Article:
Release International, which supports persecuted Christians around the world, has warned of an epidemic of grooming and has urged for Egypt's government to take a stand against such injustices.
Abouna, whose name has been changed for security reasons, works in communities where kidnappings are taking place and supports the victims. He said young women and girls are targeted as part of a deliberate strategy to convert Christians to Islam.
"They start with seducing the young girls, especially the non-educated girls by telephone calls - mobiles are now in every hand," he said.
"They start to have affairs with them. And after a while, they convince them to marry and the girl finds herself trapped."
The charity has found that there are rewards for every man who succeeds in converting a girl to Islam.
Kate Ward, a Release worker whose name has been changed, said: "He will be paid, according to our information, £1500 for a non-educated woman or £3000 for an educated woman.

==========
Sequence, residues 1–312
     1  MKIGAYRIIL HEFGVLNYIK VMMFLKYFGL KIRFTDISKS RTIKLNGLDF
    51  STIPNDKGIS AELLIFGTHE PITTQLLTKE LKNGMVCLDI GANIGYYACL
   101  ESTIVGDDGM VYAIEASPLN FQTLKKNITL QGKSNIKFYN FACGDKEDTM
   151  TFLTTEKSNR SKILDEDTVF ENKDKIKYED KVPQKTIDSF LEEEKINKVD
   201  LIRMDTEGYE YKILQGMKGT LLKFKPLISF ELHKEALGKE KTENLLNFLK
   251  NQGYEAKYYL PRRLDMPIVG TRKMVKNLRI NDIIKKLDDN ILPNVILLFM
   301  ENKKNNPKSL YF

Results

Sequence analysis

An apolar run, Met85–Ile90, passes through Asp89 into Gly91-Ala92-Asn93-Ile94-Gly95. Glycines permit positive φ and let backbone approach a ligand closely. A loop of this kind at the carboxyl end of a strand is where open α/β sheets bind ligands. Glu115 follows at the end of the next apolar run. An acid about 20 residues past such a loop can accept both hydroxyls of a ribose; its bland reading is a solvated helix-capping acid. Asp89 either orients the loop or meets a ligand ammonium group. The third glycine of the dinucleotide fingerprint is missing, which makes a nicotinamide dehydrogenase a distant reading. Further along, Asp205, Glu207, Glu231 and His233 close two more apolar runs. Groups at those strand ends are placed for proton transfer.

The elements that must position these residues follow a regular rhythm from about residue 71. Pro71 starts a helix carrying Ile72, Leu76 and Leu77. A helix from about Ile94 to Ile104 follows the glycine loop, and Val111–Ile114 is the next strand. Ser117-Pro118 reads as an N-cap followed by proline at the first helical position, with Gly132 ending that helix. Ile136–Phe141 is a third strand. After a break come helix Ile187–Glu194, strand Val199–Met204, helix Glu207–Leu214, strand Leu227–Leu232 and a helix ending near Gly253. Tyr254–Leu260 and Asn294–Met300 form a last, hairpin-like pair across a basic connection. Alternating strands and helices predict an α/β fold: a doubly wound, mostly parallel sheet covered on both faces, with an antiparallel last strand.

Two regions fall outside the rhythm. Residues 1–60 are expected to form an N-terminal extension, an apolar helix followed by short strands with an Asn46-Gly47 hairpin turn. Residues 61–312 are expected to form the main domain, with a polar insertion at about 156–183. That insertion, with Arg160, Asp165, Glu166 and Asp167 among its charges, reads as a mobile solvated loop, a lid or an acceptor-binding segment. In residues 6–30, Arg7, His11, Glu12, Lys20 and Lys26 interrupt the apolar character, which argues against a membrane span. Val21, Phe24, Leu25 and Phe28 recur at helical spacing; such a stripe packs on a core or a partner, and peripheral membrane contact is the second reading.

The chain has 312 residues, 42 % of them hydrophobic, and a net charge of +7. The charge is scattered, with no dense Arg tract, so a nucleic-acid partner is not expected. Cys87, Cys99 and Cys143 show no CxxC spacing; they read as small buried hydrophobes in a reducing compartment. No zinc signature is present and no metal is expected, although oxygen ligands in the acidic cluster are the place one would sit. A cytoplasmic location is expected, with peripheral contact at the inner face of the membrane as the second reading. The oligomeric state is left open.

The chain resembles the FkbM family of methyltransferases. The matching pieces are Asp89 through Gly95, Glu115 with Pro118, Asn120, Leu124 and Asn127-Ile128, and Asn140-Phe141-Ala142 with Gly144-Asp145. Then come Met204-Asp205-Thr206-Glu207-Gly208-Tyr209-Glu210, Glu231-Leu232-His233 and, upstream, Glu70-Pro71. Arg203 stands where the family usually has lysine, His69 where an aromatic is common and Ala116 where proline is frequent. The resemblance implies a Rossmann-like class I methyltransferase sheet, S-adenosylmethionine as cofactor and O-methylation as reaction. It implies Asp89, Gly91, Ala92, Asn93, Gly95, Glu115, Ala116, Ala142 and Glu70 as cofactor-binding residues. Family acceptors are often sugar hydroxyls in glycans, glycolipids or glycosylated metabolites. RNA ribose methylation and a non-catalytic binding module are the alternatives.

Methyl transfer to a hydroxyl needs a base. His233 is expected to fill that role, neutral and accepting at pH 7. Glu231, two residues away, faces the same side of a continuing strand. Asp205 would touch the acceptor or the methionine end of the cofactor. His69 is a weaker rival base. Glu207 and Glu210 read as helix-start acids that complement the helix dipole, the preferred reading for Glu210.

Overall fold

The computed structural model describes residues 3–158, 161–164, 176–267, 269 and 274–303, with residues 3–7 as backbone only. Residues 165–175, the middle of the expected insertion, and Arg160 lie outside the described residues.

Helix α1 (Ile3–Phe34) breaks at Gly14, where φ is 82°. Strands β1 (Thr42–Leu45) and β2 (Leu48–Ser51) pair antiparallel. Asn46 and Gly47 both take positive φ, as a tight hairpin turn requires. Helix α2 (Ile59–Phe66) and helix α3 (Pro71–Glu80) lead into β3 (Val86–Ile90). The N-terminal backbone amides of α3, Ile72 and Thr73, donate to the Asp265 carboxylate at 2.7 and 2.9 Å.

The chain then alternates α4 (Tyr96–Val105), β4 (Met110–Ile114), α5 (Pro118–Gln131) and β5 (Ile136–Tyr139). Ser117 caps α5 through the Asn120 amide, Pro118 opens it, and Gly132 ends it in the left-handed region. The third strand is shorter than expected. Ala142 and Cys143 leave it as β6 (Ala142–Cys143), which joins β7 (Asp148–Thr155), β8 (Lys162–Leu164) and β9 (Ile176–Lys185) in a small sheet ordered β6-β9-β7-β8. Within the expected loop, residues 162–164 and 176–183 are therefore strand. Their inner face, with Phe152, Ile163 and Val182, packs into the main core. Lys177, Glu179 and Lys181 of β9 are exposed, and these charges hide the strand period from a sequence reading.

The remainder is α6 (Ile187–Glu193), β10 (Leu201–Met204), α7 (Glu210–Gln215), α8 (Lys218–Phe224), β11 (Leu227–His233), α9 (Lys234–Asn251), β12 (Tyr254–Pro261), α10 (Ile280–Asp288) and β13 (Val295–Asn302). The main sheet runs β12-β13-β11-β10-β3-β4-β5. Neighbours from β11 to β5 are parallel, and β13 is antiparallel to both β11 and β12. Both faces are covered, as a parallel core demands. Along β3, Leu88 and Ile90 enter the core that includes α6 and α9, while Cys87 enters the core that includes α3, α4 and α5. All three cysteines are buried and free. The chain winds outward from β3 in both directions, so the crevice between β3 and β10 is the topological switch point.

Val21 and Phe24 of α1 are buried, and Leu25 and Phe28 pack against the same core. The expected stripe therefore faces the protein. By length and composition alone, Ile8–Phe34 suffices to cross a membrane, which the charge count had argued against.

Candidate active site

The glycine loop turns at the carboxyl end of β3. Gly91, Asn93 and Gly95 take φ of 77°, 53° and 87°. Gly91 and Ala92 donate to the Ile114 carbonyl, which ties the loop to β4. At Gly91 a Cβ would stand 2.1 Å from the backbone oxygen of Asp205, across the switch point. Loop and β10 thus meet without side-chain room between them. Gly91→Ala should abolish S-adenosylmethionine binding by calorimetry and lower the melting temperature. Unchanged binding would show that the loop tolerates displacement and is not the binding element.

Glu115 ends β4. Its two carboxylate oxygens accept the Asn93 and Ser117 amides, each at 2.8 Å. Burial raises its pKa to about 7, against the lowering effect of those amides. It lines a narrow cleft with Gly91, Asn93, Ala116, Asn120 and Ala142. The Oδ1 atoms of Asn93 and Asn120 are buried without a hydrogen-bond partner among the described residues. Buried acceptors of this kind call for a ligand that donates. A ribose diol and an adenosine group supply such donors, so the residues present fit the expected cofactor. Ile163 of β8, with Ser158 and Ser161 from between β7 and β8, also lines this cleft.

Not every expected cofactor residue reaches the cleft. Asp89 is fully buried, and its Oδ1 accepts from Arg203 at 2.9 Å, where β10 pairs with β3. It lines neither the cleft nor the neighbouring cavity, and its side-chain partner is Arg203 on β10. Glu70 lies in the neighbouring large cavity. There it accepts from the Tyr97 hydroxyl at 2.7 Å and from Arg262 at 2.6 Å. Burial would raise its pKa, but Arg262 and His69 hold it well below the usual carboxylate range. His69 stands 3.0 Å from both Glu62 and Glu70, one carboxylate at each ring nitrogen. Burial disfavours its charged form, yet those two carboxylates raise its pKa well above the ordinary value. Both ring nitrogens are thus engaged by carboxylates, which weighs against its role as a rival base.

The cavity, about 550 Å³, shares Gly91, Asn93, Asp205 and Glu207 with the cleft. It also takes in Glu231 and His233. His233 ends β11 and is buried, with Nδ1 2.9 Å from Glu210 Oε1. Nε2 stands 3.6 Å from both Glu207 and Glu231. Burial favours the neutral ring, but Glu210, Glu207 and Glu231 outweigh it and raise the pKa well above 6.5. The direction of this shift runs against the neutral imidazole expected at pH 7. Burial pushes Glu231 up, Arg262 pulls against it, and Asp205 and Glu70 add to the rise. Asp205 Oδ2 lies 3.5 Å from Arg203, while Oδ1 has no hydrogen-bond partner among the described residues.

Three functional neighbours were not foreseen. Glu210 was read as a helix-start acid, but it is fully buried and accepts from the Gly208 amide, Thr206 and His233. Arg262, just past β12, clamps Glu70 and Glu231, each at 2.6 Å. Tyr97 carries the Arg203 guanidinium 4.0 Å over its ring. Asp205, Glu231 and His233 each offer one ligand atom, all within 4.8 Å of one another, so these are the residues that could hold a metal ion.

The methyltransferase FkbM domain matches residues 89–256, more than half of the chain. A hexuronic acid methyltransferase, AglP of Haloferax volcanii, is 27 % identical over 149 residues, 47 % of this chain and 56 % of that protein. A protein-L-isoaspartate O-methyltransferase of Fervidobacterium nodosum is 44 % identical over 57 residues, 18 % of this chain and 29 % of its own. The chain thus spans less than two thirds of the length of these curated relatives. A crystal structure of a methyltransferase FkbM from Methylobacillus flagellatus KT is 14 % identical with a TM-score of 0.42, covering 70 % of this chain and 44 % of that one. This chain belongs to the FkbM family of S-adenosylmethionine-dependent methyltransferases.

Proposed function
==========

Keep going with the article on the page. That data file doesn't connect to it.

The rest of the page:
"After that, he might divorce them. She then goes back to a life of shame. The money is coming from religious leaders, who many believe are paid from Saudi Arabia.'
Release has claimed this deliberate strategy of persecution because many abductions take place in Upper Egypt, a poor, rural area many miles from Cairo where attitudes are ultra conservative and the persecution of Christians is most severe.
Ward added: "He will say, 'Don't worry, you'll be able to stay Christian. And when your children are born, we'll decide what we can do.' But in practice, these wives are now considered to have become Muslims. And even if they leave, their children will be forced to remain."
Release is working with partners in Egypt to help Christian communities reduce the risk of grooming and kidnapping, and to support victims.
Release contact Frances Windsor said many in the Church are now having to address the problem: "We're hearing of Christian mothers who are invited to bring their boys to the mosque to get Islamic teaching.
"They will get paid 300 Egyptian pounds when they take their sons to be educated at the mosque. Extreme poverty makes them easy targets."
Release said it's "helping develop spiritual resilience, tackle the lack of education and respond to the oppression and poverty that lie at the root of the problem in Egypt".
Listen to a report by Andrew Boyd from Release International: